Last time we discussed how to read a histogram, and how this ability can help you become a more savvy photographer, both behind the lens and in front of the computer. Now it’s time to take it a step further, and explore how you can use your newfound knowledge to tinker with the Levels tool in Photoshop. Remember, that this map is the key to understanding the range of tonalities in any given image, and that it can be played with to alter your white point, black point, and midrange tones. It may seem simple, but altering your histogram layout can have a pretty dramatic effect on your photos!
So, using a sample image that we looked at last time, let’s dig right in! Pulling up the Levels tool, we can see that the histogram is heavy on midtones, and has very little on either extreme end. Hopefully, just looking at the image, you can observe this as well. You’ll see that our range goes from 0 (black point) to 255 (white point), with a midpoint set at 1.0, and our output sliders are in position at 0 and 255 respectively. First, let’s explore what happens when I change the black point of my image, by moving the slider to the right (towards the middle).
Moving from a black point of 0 to 50, you can see that the darker tones in the image got even darker. That’s because this function is telling the program to shift the amount of pixels that are included in the “dark zone”, and from our histogram, you can see that I set my black point in an area where there are plenty of pixels to the left of it, kind of right in the middle of that first plateau on the graph. Now, keep in mind that this is a totally different function from simply making the image darker- we’ll get to that in a moment.
I’m sure you can imagine what will happen when we move our white point inwards next (after putting our black point back to 0). For consistency’s sake, I’ll move it by a factor of 50.
Our highlights just got much more dramatic, and the overall brightness increased. This is due to the great number of pixels that we have in this area of the histogram, where our new white point is set right in the middle of the far right spike. And now, just for fun, let’s combine these two actions- moving both our black and white points inward by 50 points.
As you can see, this function of the Levels tool is the essence behind any action you take to alter your contrast. This method gives you fine control to make your contrast as shallow or deep as you’d like. Depending on your individual image, each point’s value will have a different effect, because of the unique tonalities present.
So now, let’s explore a different way to go about setting your points in Levels- using the manual dropper tools. You’ll see these three options on the left side of the Levels box; there’s one for black, gray, and white, and they do exactly as you might imagine- manually set your black, grey, and white points for your image. These are generally harder to master, come with more dramatic effects, and typically chop out pixels in the process. But for the sake of this tutorial, let’s try to set a new black point. I’ll click on the dropper, and I’ll say that in this woman’s hair, I think the darker area should serve as my new black point, so I click right near the nape of her neck.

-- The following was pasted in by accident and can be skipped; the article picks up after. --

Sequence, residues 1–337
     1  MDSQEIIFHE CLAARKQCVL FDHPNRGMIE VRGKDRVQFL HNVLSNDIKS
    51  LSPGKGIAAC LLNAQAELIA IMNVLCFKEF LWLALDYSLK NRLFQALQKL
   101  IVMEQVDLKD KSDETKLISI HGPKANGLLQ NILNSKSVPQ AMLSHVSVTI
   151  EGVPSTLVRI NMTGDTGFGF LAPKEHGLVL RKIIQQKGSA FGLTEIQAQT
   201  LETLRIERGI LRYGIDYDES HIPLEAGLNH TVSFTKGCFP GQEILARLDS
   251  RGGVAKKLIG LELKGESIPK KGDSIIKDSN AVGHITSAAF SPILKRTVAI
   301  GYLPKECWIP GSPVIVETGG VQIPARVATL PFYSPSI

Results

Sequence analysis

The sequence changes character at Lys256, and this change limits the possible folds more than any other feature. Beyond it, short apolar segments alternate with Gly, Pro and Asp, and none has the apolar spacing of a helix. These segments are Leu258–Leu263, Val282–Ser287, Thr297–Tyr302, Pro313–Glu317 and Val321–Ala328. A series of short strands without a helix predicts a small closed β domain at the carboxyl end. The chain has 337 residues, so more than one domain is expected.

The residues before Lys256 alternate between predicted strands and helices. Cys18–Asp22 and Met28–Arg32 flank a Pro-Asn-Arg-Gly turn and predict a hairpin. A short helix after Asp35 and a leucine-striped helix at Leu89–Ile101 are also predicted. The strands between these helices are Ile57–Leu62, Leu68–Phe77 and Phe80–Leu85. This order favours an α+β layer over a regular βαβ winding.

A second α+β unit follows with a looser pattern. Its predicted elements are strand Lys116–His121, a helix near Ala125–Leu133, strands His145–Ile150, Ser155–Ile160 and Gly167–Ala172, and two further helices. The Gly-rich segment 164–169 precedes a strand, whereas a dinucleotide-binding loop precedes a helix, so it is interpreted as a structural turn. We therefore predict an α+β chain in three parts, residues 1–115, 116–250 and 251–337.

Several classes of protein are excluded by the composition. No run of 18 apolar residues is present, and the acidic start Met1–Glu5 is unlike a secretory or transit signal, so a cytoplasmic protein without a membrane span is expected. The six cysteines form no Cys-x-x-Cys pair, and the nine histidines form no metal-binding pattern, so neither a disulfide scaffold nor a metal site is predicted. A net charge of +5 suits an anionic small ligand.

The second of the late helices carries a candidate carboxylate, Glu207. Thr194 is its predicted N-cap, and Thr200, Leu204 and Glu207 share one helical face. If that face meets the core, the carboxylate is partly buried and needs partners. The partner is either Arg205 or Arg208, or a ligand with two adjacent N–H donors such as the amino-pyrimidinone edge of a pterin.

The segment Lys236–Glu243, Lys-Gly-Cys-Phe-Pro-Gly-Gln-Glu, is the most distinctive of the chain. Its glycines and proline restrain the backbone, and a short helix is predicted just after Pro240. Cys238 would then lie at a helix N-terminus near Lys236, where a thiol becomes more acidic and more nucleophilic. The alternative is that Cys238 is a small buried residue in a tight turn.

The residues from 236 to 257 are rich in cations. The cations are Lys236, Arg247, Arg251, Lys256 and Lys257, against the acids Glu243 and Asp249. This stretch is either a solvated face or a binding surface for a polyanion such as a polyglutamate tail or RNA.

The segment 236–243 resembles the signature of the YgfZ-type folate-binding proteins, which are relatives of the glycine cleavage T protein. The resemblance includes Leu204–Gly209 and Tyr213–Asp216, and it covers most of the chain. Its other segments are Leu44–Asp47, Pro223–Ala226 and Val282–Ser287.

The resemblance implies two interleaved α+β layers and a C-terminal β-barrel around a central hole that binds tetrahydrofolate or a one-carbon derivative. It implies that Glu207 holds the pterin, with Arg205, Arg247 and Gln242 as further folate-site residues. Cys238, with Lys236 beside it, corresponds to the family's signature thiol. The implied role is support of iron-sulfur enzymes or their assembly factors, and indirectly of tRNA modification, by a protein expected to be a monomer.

What a big difference! The interesting thing about using this tool is that it takes into account colors as well, and automatically adjusts that precise point you clicked on to be neutral black- equal parts cool and warm tones. Since our image is strongly cool-colored, this action shifted it to a warmer state.
Now let’s try to set a new white point, which I think will lie on her shirt, right behind her armpit area. I’ll click on my white dropper tool and click on that spot on the image.
This made things much brighter, but didn’t change the color as much, since the shirt was slightly warm-colored to begin with. Now, let’s try to set a new gray point- this will be a spot in your image that you think should be a neutral gray color (handy when shooting things like architecture, roads, etc…). For the purposes of this tutorial, I will pick a spot way up in the clouds, even though I know they are quite cool-colored. Can you guess what will happen to the image when I alter the gray point this way?
That’s right- the whole image became warmer, to adjust to the new middle neutral point in the clouds, which you can see is now a perfect neutral gray. Levels is a great tool to play around with when you feel like you’ve gotten a color cast in your image, or you feel like the lighting was off during shooting. It’s very hard to get a perfectly neutral lighting situation, so it’s nice to be able to adjust this in Levels during the editing phase!
To round out this tutorial, let’s quickly explore the output sliders that lie underneath the histogram. These tell the program how much of each extreme (dark and light) to allow in the image at any given time. They are always set to the far ends, to let in all the pixels that you captured when you were shooting. So let’s move the shadow output slider to the right, essentially saying we don’t want so much darkness to be allowed in.
This simply made the image brighter and more washed out, since we removed much of the shadow without further adjusting the contrast. Now let’s try the same thing with the highlight slider.
As you guessed, this made the image darker and sort of muddy, thanks to the low contrast. You may not need to play with the output as much, except when you are doing fine detail work, but it’s good to know how it works!
There is quite a lot you can accomplish with the simple adjustments in the Photoshop Levels tool, and it should be one of your first stops when editing images in a pro or semi-pro setting. And if you really want to master this tool, and many others, to make your photos really stand out, check out our digital photography classes and Adobe Photoshop classes!
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